Book clubs can be a whole lot of fun and are a great excuse for women to get together. You know, like hunting and fishing trips are for some men.
You also know that sometimes men concentrate on their sport and sometimes they just get together to have a good time with friends. That’s is what women do in book clubs — sometimes they read books and sometimes they just have fun being together.
Recently, one of my book groups read a book from a local author named Hudda Ibrahim, and I believe we actually all read the book this time! Hudda’s book, “From Somalia to Snow: How Central Minnesota Became Home to Somalis,” tells the Somali-American story and begins with statements from St. Cloud community leaders about the book.
Dave Kleis, mayor of St. Cloud, writes that the book “provides a great understanding of Somali culture, tradition, religion, and issues of integration and assimilation. In addition, it enhances awareness of the challenges and barriers that the Somali community faces. The book sheds light on the hopes, dreams and aspirations of the Somali people … similar to the experiences of other immigrant and refugee groups.”
I had the pleasure of meeting Hudda about a year ago. After our first cup of coffee together, I knew that I would be hearing more about this young Notre Dame graduate, author, St. Cloud Technical College professor and Somali refugee in the coming years. I also knew I appreciated her hard working spirit, her wonderful ability to put people at ease and the drive she had to be a peacemaker. I also knew that she would be someone I wanted to get to know better.
Last spring, I asked her to join me and a Somali elder on a panel in Duluth at the College of St. Scholastica at my son Nathan’s request. Together the three of us talked to a group of staff and students about our experiences with interfaith work, and each of them shared their refugee stories of life in a war-torn country, entering refugee camps and then coming to Minnesota. They’re stories that still make my eyes water and my jaw drop. I marvel at the courage and faith they needed in order to be who they are today.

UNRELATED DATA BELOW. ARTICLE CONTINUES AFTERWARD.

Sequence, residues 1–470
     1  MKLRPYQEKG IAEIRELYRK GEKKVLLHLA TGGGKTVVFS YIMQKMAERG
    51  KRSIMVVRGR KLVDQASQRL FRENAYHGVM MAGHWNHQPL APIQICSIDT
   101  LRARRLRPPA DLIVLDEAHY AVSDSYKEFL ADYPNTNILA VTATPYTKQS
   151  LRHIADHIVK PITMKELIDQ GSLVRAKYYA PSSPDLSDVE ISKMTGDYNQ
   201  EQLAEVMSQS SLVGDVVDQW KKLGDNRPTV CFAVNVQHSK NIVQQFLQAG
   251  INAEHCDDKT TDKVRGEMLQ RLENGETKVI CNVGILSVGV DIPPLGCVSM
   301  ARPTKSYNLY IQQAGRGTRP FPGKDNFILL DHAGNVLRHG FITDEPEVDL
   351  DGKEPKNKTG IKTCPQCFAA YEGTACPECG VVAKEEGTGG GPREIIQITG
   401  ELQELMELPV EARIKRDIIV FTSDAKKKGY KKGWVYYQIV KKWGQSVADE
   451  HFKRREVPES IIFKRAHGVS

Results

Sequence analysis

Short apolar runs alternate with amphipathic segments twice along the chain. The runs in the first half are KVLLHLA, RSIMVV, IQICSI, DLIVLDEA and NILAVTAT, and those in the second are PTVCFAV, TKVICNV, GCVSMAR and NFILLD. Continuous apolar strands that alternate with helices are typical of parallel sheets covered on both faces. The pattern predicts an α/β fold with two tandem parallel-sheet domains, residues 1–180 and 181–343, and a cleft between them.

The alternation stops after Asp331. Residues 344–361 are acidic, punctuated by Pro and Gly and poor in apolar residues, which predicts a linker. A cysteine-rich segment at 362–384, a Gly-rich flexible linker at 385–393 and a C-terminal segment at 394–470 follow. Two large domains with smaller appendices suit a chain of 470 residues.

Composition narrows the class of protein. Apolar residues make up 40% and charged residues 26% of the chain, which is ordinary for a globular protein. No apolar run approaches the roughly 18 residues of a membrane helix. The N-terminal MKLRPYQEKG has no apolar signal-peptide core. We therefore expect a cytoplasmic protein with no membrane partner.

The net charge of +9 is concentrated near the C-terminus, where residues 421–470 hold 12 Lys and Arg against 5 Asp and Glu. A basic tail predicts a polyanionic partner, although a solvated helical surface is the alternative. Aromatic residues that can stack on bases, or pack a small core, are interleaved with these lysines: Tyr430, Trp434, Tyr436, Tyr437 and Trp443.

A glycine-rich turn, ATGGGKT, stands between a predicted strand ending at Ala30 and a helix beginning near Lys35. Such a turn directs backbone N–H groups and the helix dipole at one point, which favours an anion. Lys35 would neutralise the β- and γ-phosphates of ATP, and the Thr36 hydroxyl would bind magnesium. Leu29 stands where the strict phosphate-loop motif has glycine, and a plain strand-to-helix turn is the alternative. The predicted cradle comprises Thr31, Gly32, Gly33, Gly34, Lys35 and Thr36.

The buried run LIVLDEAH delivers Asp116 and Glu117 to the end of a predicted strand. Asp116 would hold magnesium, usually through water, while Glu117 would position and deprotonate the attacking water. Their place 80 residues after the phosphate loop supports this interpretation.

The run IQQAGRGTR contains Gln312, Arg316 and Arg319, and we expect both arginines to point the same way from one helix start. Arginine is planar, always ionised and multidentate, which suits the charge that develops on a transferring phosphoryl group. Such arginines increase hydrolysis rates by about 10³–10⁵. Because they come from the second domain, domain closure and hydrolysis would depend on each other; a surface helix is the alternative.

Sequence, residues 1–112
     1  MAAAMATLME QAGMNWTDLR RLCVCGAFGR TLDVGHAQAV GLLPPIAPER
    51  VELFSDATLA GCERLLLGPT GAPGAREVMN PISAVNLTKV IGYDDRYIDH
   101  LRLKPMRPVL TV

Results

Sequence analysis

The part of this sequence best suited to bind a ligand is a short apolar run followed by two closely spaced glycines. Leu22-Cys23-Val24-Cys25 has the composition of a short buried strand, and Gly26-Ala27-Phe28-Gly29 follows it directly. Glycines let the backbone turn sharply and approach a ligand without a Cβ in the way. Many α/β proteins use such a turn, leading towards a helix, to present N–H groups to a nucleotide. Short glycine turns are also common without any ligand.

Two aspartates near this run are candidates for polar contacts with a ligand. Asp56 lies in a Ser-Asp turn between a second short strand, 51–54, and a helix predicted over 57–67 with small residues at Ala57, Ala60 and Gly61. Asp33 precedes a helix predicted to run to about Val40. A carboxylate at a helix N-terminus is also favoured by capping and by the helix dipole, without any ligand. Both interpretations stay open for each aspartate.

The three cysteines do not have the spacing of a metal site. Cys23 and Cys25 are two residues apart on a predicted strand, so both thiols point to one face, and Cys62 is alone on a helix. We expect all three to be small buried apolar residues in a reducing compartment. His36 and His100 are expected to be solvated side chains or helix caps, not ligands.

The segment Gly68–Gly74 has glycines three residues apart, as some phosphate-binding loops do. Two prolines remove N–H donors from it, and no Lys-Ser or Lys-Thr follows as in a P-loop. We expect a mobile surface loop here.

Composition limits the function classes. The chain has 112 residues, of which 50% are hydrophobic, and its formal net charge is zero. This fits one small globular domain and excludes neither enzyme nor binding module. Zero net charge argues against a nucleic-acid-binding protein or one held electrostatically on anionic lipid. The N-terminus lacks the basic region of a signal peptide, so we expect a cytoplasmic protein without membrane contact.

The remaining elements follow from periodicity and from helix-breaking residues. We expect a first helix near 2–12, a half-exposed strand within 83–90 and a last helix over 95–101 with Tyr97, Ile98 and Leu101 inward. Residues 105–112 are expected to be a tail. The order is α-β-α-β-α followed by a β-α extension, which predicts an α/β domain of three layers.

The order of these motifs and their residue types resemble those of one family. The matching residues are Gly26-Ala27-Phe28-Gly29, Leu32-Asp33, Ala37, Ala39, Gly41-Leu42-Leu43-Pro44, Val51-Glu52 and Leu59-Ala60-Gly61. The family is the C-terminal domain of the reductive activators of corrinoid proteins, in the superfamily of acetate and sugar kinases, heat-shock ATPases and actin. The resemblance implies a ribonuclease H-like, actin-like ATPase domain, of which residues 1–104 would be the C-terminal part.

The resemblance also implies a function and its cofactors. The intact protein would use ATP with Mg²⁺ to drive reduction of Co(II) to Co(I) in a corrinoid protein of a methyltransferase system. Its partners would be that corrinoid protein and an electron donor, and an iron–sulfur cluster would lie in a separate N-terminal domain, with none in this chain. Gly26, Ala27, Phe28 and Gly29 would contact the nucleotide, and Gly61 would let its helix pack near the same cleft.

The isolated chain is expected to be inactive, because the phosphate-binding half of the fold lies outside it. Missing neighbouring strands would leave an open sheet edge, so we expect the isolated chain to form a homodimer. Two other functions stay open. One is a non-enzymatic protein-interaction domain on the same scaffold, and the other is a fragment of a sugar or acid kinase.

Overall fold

In “From Somalia to Snow,” Hudda shares her research, including many conversations with Somalis living in St. Cloud. As a Notre Dame graduate, she also shares her ability to glean from the work of other scholars on immigration. In this light, she speaks to the debate surrounding integration and assimilation and the metaphors used to describe the United States as a “melting pot” or a “salad bowl.”
She defines assimilation as “the adoption of cultural values and norms from the broader community.”
Drawing from J.F. Davidio and others, Hudda defines full assimilation “as the abandonment of cultural values and norms by a minority group, immigrants, or refugees and the full adoption of the cultural values and norms of the larger society.”
When speaking of integration, she writes that “it assumes cultural pluralism — that group members may adopt some cultural values and norms from the larger society and identify with it but that they will also keep their own cultural values, norms, and identity to some degree.”
Integration also fits with the metaphor of an American salad bowl, “in which its various ethnic and religious groups have had various degrees of freedom to maintain their beliefs and cultures.”
I’d like to step away from her work, and take a look at our own Catholic tradition. Our bishops wrote about this very issue of how, as a church, we are to encounter immigrants and refugees in a pastoral letter titled “Welcoming the Stranger Among Us: Unity in Diversity.”
They state: “Time and time again, Pope John Paul II has echoed the teachings of his predecessors and of the Second Vatican Council that ‘it is one of the properties of the human person that he can achieve true and full humanity only by means of culture’ (‘Gaudium et Spes,’ no. 53) and that to take away a person’s culture is therefore to damage human dignity grievously.”
They go on to speak about “unity in diversity” representing a kind of the salad bowl approach.
Pope Francis speaks of this as well. In February, speaking to the International Forum on Migration and Peace in Rome, he highlighted the need for the integration of migrants in host countries and explained that this “is neither assimilation nor incorporation. It is a two-way process, rooted essentially in the joint recognition of the other’s cultural richness: It is not the superimposing of one culture over another, nor mutual isolation, with the insidious and dangerous risk of creating ghettos.” Again, integration rather than assimilation, which follows the longstanding teaching of the church.
So what does this mean for all of us here in the St. Cloud Diocese? The bishops say that “as Catholics we are called to take concrete measures to overcome the misunderstanding, ignorance, competition and fear that stand in the way of genuinely welcoming the stranger in our midst and enjoying the communion that is our destiny as Children of God.”
Maybe reading “From Somalia to Snow” is a first step to help us get a truer picture of who these neighbors are, and it will help us refrain from making the same mistakes that many people did with the Germans, Polish and the Irish immigrants.
Kathy Langer is director of social concerns for Catholic Charities of the Diocese of St. Cloud. “From Somalia to Snow” is available at Barnes and Noble in St. Cloud and Amazon.com